"Aint anywhere to go. Not yet," is all he says, taking another swing. Thunk. His voice is pitched largely evenly, but even if he's trying he can't quite hide the undercurrent of anger still lingering in it.
Her eyes stay on his back, affixed there with a weight like stones. Ines wouldn't need the sound of his voice to know he's angry: he's exhausted and concussed and he's chopping wood.
Eventually he'll hear soft sounds that might eventually put together the picture of her stripping her backpack off and setting it down, slowly using the tree to slide down to sit on the ground -- the material of his vest, scuffed down flakes of bark. The quiet click of the rifle as she sets it into her lap.
It takes her a while to work up to it.
"There wasn't any point to telling you. You knew when I did, anyway. This morning. I don't- we couldn't have done anything differently."
And while she works her way up to speaking, he keeps working. If there was a comparison, it could be said that he swings harder now, like the source of his anger -- his frustration -- is right there, and her continued silence makes him fume all the more. When she finally speaks, the swinging motion stops, at the top of the arc, and he turns, staring at her.
So many thoughts pass through that sharp, heated look, and are left unspoken. What he settles on, instead, is a growled, "What were you planning to do, Correa? Wait until you were about to die on me, then go, by the way...?"
Her brows slide further together. For a moment she looks like she's at a loss, but of course, this is Ines: she's never lacked for passion. She lifts both of her hands, palms outward. "What are you talking about? I took the pill today. You watched me do it. Today was the first day I thought, 'yeah, it looks like it might be infected.' What else would you have had me do? You had-" She pauses, lowers her hands, presses her shoulders down and tries to reach for a quieter tone of voice.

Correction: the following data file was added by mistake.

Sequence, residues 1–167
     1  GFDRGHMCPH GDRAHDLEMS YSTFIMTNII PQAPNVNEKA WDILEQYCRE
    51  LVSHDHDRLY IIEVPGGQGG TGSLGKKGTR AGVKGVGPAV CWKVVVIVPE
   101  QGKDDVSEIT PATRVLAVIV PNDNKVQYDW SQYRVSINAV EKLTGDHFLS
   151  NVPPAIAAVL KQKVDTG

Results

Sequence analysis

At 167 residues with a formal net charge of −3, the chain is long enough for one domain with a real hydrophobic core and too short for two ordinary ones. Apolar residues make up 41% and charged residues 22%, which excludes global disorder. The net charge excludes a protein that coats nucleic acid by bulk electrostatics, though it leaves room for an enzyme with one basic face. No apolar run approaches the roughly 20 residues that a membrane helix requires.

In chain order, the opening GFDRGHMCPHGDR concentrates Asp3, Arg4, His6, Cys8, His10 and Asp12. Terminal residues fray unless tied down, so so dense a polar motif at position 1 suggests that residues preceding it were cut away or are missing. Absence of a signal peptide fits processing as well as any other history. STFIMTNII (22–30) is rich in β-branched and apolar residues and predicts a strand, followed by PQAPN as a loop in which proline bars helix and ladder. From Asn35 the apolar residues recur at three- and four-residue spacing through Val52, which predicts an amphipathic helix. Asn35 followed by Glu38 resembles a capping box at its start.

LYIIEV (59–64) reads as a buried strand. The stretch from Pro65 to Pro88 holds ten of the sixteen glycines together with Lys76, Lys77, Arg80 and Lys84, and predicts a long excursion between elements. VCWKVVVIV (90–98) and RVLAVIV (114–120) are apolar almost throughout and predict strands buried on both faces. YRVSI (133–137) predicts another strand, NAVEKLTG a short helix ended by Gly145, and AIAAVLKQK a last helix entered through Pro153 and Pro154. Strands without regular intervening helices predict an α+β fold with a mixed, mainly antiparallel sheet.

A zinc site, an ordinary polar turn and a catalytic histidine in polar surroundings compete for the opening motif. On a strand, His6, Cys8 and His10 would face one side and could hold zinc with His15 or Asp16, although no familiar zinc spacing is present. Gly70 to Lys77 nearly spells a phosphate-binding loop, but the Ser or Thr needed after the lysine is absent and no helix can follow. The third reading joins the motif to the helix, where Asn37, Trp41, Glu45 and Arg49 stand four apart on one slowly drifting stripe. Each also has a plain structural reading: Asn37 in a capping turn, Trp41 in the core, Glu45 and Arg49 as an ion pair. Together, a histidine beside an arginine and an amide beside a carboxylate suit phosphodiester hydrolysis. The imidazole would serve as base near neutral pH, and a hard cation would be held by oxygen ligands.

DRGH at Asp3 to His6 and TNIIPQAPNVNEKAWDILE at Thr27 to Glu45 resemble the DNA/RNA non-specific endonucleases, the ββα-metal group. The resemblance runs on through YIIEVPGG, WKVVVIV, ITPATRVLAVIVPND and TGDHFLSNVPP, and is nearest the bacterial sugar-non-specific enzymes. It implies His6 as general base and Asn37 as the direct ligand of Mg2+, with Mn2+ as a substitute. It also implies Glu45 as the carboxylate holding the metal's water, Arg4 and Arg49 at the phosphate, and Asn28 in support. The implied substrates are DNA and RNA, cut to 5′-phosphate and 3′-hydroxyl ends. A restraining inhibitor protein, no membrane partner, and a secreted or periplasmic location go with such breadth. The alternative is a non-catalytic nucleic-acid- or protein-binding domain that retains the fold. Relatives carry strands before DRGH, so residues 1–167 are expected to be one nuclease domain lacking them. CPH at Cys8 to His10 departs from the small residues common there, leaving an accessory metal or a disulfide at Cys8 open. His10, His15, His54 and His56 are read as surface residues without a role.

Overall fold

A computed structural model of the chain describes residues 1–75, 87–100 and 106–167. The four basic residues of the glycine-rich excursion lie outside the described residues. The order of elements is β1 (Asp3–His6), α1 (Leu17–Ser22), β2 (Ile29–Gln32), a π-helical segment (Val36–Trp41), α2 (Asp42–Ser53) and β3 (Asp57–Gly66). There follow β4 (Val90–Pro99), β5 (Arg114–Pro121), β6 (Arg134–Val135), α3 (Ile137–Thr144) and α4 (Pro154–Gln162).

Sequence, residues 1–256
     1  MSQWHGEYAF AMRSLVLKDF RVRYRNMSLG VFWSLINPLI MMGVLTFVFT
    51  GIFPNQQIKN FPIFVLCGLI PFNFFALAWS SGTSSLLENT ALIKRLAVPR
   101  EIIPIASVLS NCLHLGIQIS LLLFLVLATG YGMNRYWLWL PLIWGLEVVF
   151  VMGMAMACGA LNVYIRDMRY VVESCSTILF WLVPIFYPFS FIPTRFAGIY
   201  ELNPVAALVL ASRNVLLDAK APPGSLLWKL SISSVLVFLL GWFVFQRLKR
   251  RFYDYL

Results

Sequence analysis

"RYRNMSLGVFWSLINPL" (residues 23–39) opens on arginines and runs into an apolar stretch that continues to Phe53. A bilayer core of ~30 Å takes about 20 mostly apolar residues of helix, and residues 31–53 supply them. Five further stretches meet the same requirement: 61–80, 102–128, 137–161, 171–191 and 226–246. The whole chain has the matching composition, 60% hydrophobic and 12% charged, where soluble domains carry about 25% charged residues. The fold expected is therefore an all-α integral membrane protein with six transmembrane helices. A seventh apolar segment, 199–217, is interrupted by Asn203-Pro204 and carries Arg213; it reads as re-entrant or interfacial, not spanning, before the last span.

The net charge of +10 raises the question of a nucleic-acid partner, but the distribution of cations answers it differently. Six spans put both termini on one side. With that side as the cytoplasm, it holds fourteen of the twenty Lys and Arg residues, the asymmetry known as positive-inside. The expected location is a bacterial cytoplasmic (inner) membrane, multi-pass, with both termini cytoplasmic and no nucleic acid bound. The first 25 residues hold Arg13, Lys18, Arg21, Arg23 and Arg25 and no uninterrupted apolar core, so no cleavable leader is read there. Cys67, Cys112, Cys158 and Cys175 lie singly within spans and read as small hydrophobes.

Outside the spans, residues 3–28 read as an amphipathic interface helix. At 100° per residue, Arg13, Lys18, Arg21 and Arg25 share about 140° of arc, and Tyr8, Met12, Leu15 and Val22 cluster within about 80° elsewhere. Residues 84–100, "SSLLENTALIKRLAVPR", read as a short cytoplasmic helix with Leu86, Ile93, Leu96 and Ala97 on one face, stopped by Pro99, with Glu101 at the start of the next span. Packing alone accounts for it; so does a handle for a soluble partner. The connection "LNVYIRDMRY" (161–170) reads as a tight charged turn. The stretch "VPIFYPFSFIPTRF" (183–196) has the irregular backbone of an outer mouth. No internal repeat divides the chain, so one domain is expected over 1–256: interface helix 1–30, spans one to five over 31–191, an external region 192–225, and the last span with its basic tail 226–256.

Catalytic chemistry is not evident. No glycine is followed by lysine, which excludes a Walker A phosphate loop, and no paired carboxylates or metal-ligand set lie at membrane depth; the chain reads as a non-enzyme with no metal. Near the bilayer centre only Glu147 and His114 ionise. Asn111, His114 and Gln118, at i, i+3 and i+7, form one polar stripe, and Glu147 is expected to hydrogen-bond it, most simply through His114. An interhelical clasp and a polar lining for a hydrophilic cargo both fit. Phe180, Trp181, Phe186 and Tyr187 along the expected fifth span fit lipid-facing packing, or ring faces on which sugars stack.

"You had enough to worry about. I wouldn't have- I wouldn't have put us at risk. But there was nothing you could do about it. Nothing other than what I did. Non?"
He strides towards her, closing the distance between them in a few paces. His right hand still grips the hatchet, but his left reaches down for her arm -- and stops, just before he makes contact, fingers clenching as he straightens.
"There's plenty to worry about," is his snarled agreement, "But you dying is at the very frakking top of that list, you <<stupid Leonese coat-twister>>!" He slides into Tauran halfway through, mostly because it's much more satisfying and natural for swearing.
The back of her head -- or rather, the braided bun affixed there -- actually bumps into the tree as Ines leans back, uncertain in the face of all of that sudden wrath and the way he reaches for her arm, eyes slightly wide. It's not raw fear, but it looks like an expression that isn't sure whether or not it should be fear.
She's never seen him that angry. Certainly never with her, not like that -- pissy, grouchy, moody, but not this. And Tomak is a big man.
She swallows as he straightens. Her voice shrinks, too. But there's no contrition in it when she says the words: "I'm sorry." What sounds in her voice instead is something like understanding, or at least sympathy; because she comprehends that what she's apologizing for is scaring him, even if wild horses couldn't drag the words out of her.